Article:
I recently finished listening to the Audible version of La Reina del Sur by Arturo Pérez Reverte. I have been a Pérez Reverte fan for 20 years, having first seen La tabla de Flandes on Spanish tv in 1995 and then gobbling up many of his works in Spanish and English over the years.
I liked La Reina del Sur . I’ll confess that some of the scenes at sea bored me with their repetition and their hyper reality. I could have also done without the literary leitmotifs too, as they seemed forced–almost from another line of thinking. These scenes didn’t add too much to Teresa’s character and they detracted from elements that did. Nevertheless, it was a really fun ride.
Beyond the fun ride it described, the novel was an exercise in pronunciation. The narration by Rogelio Ramos Gómez-Rejón was clear and crisp. The star of the show–la estrella–was the “ere.” I guess it only seems fitting that a novel by Arturo Pérez Reverte narrated by Rogelio Ramos Gómez-Rejón had some major league-Rs. There was a time about 3/4 ways through the narration that I realized just how pronounced this sound was.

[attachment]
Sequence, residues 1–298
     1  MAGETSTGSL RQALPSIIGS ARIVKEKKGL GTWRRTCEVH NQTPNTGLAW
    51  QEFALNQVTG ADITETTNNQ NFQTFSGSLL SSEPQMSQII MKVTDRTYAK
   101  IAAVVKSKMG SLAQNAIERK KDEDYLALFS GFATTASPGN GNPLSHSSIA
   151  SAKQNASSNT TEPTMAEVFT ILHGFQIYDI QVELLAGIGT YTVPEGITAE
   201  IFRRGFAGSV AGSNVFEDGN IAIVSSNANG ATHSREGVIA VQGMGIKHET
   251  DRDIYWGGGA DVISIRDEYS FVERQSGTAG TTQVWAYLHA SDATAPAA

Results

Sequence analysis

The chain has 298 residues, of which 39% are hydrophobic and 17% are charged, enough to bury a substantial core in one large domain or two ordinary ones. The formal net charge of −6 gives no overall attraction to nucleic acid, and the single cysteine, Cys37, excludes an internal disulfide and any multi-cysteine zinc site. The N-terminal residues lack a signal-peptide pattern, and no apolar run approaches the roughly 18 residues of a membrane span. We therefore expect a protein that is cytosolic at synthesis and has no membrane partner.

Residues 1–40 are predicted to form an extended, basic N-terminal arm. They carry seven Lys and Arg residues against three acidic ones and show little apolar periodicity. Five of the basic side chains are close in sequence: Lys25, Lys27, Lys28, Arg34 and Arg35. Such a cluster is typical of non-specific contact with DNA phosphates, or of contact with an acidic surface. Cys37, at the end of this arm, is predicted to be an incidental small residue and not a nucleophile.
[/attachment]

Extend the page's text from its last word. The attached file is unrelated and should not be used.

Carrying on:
I have ponder the peculiarities of Spanish before, with respect and reverence. A perfect metaphor for the craziness in the letter “ere”. It is easy to to start with what it is not: it is not an English “rah, rah, rah.” It is a hybrid of R + D + TH + RR (+/- L). How can one letter make four sounds? Well, it’s all about where the letter falls in the word as a function of where you find yourself in the world. Let’s consider a few examples.
radio = RRAH-d(+th)eeo. Where the “ere” is the initial sound, it’s a rolled RR
martes = MAHD-es, or it you are in the Caribbean, MAHL-tes.
comer = co-(MED+TH), or it you are in the Caribbean, co, MED(+/-L).
I made a list of 10 words from La reina del sur that, when practiced with regularity and increasing “rapidez,” are sure to ramp up your pronunciation in Spanish. I think the secret is to read them twice through in order and then to riff on them randomly.
¡A por ello!